Not shown here is the second or 4th order highpass filter feeding it, which keeps it away from the SVF formants.  Also not shown is some form of in/out gain to match the other formant levels (though it tracks the SVF formants pretty well with Q) and maybe some series / parallel routing to use it instead as a cheesy delay type thing instead of a resonator. 

I still haven't tried nesting two allpass reverberators internally, will do that soon.  Wanted to get the basics here up and running and in good shape, and get some experience with it all before I do.

Here's a 6 formant cello patch with the resonator in parallel (with external reverb): [MP3].  I'm learning more about the natural ranges of these instruments so as not to go below any pitch they can't physically do, which helps with realism.  Here's the same number played 1/2 step above the lowest cello note (C2, no reverb added): [MP3].

[EDIT] The diagram has two small errors:
1. The arrow head going into the right side of the lowest z^-1 box should instead be going into the left side.
2. The leftmost summing node input should have an arrow head on the lower (feedback) input.

Posted: 10/8/2018 2:29:40 PM

From: Minnesota USA

Joined: 11/27/2015

Hi Dewster,

The cello mp3 in your last post above has me returning to press you into making your system, as it stands now, available for buying, borrowing, or stealing. 

I don't know if we talked about where you are ultimately going with this, but it sounded like you were receptive to putting some preliminary systems out there, either supplied by you or as DIY projects.  I would be willing to go either way - buy something from you or build it myself from your documentation (as long as I know where that is in the past 1586 posts), and I'm the easiest customer of all - I don't need an enclosure of any sort.  I'm flexible regarding whatever you are willing to do, but if it's going to happen it would need to be sooner rather than later. 

Let me know what you think here or via email if you prefer.

Roger H

PS: did I say I love the cello mp3 above?  I'm dangerously close to building a Haible String Filter (because: zero latency and impressive boards), but your cello might save me the effort.  Consider it... 

Posted: 10/9/2018 4:50:27 AM

From: Northern NJ, USA

Joined: 2/17/2012

Hi Roger,

Which MP3 did you like better, the higher pitched one or the lower?  I'm not that great, but I think much of the impact is the performance and the piece. 

I am 100% receptive to preliminary models getting out there, and particularly to you as I'm certain your feedback would be invaluable.  It's a time budgeting quandary for me though.  I've never laid out a PWB so that might take me a month or so to pick a program, come up to speed on it, get comfortable with it all, and order boards.  But in that month I might be able to get most of the DSP software behind me for at least the first pass, and I'm really burning for that to happen.  Not saying what I will, won't, or can't do, just wondering what to do when :-)!  I could also spend a month or so just hand wiring two more prototypes...  I do need something more portable and robust to take out / send out for show and tell, but I haven't managed to burn up the original yet (knock wood).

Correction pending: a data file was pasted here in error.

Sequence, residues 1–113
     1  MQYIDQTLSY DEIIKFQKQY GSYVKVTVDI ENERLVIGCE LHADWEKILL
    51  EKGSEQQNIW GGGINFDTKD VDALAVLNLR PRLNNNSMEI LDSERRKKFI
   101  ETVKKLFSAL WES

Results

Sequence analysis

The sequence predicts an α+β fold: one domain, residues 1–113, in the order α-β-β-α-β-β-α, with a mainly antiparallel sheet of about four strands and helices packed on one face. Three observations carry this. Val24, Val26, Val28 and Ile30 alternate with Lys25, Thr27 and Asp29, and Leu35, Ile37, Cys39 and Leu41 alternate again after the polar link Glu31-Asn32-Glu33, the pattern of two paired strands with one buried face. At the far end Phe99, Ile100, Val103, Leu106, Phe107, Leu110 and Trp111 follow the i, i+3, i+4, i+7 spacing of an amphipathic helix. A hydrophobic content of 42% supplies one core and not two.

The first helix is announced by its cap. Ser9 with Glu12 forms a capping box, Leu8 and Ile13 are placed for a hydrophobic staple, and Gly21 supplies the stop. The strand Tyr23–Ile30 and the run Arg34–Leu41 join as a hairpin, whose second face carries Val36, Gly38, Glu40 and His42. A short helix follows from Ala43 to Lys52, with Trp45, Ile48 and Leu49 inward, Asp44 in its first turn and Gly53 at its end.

I really wish you were closer, to make visiting easier.  Do you ever visit the NJ / NY area for other reasons, or might you want to for this project?  I think you would be happy with it, but I don't know, I'm so close to it all.  Building one would certainly be easier than an analog board with 40 variable Q band pass filters!  And if you really need 40 resonators I'm pretty sure that could be done digitally if they aren't articulated or modulated.  The SVF subroutine takes 14 cycles, and there are 468 cycles per thread per sample interval, so maybe 2 threads worth of real-time if it were coded efficiently.

Torturing (as tinkeringdude put it) the non-harmonic resonator is kinda fun: [MP3].  All the clipping / overloading going on there is probably in the filter, there was no clipping at my PC soundcard input.  I worked on the knob gains and delay scaling today, I think I'd like to give it a common pool of sample memory with taps so as to more efficiently utilize it.  I made clockwise movement of the delay knob decrease the delay / increase the filter frequency - it's more of a filter than a delay and I was always turning the delay knob the wrong way.


Posted: 10/9/2018 10:53:13 AM

From: Minnesota USA

Joined: 11/27/2015

I like both of the samples, although I thought they were the same patch just played at different pitches.  The woody resonant sounds are very similar to what I have been hearing with the Haible analog string filter, and with a little additional processing there are some great possibilities.  Not to mention tweaks that you may be able to make in the patches themselves.

Never get to NJ, and I only travel by car or RV these days.  I'd love a hands-on, but I really need the traditional volume-sensing and possibly traditional rod and loop elements (don't be offended-I'd try plates, but there are many personal preferences to consider both in playability and aesthetics).  Ideally I would just like to build one and update it as you make changes.

Before I go much further I'll contact you via email first, but these latest cello sounds are making me want to drop everything (except my other little theremin project) and get started on this over the winter.  I understand that you are not in a position where you want to be stopping what you are doing to build hardware, and I can do that myself anyway.  But to even consider that I need to understand exactly what the hardware looks like. Depending on the complexity I would probably want to do some board layouts for home fabrication.  These may be of use to you for a backup prototype but they would not be suitable for obtaining production boards (too many alterations/concessions made for limitations of home processing).

Anyway, look for an email from me, probably tomorrow, and hopefully we can go from there.  This is really an outstanding body of work, and its time is coming.


Posted: 10/9/2018 3:29:21 PM

From: Northern NJ, USA